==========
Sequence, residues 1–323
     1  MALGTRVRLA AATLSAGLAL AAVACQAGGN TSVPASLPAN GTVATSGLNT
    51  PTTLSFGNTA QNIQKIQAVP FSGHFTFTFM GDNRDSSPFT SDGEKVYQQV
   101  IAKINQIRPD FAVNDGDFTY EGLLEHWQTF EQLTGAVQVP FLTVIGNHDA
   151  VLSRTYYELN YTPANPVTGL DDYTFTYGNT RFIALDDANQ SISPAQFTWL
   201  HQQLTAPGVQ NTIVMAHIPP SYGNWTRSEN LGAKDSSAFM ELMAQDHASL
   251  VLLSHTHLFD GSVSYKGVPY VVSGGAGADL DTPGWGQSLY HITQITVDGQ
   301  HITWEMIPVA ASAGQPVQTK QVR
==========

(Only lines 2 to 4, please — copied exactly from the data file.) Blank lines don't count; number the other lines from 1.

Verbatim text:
     1  MALGTRVRLA AATLSAGLAL AAVACQAGGN TSVPASLPAN GTVATSGLNT
    51  PTTLSFGNTA QNIQKIQAVP FSGHFTFTFM GDNRDSSPFT SDGEKVYQQV
   101  IAKINQIRPD FAVNDGDFTY EGLLEHWQTF EQLTGAVQVP FLTVIGNHDA